Heart Rhythm Disorder May Double Death Risk for Dialysis Patients
Study finds dramatic rise among those with atrial fibrillation being treated for kidney disease
THURSDAY, Jan. 13, 2011 (HealthDay News) -- The heart rhythm disorder atrial fibrillation is increasingly common in kidney dialysis patients and puts them at increased risk for death, researchers have found.
In a new study, investigators analyzed data from the U.S. Renal Data System and found that the prevalence of atrial fibrillation increased more than threefold between 1992 and 2006, from 3.5 percent to 10.7 percent of dialysis patients. The actual number of affected patients increased sixfold, due to the increasing number of people in the United States who require dialysis.
Among dialysis patients most likely to experience atrial fibrillation were older patients and those with other medical conditions. Whites appear to be at a higher risk than patients of other racial/ethnic groups, according to the study, which is scheduled for publication in an upcoming issue of the Journal of the American Society of Nephrology.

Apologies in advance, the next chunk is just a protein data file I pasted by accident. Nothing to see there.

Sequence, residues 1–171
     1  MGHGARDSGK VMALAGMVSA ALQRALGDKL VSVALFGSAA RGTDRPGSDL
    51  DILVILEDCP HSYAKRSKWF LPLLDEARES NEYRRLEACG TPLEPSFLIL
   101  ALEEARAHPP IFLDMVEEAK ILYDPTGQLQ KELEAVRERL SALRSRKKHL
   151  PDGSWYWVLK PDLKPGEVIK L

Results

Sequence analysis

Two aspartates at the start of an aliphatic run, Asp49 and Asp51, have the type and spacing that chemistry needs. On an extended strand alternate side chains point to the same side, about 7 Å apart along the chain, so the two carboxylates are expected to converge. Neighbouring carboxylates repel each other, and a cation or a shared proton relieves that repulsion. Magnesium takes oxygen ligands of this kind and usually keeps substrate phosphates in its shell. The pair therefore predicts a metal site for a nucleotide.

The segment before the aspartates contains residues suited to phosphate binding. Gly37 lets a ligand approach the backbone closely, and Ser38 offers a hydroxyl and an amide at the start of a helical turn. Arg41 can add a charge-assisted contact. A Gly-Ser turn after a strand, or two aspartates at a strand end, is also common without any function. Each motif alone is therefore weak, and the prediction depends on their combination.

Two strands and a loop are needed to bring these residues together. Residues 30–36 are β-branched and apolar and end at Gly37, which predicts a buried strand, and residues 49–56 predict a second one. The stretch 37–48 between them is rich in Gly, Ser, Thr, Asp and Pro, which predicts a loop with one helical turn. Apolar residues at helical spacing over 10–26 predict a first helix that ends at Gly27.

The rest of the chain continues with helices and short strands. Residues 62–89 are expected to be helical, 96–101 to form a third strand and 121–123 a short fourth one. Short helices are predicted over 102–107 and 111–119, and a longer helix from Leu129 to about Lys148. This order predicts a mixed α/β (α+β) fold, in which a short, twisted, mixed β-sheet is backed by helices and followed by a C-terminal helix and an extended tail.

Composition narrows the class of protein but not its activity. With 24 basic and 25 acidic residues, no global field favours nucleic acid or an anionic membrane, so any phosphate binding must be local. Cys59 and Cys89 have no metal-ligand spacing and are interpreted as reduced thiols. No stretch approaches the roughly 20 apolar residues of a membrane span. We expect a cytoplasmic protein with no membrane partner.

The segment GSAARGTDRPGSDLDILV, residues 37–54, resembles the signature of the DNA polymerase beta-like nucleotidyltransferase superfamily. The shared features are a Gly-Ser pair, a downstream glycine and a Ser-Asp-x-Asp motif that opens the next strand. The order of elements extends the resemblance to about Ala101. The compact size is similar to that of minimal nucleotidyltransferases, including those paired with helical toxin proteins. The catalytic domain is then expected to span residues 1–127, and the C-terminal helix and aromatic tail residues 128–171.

The researchers found that the one-year risk of death for dialysis patients with atrial fibrillation was nearly 40 percent, compared with 19 percent for patients without the heart rhythm disorder.
"Having atrial fibrillation doubled the patient's mortality [death] risk, and sadly, that excess risk did not at all decline over the 15 years of the study," study author Dr. Wolfgang C. Winkelmayer, of Stanford University School of Medicine, said in a journal news release.
"Research is sorely needed to understand potentially modifiable risk factors for atrial fibrillation in this vulnerable population," he and his colleagues concluded.
The American Academy of Family Physicians has more about atrial fibrillation.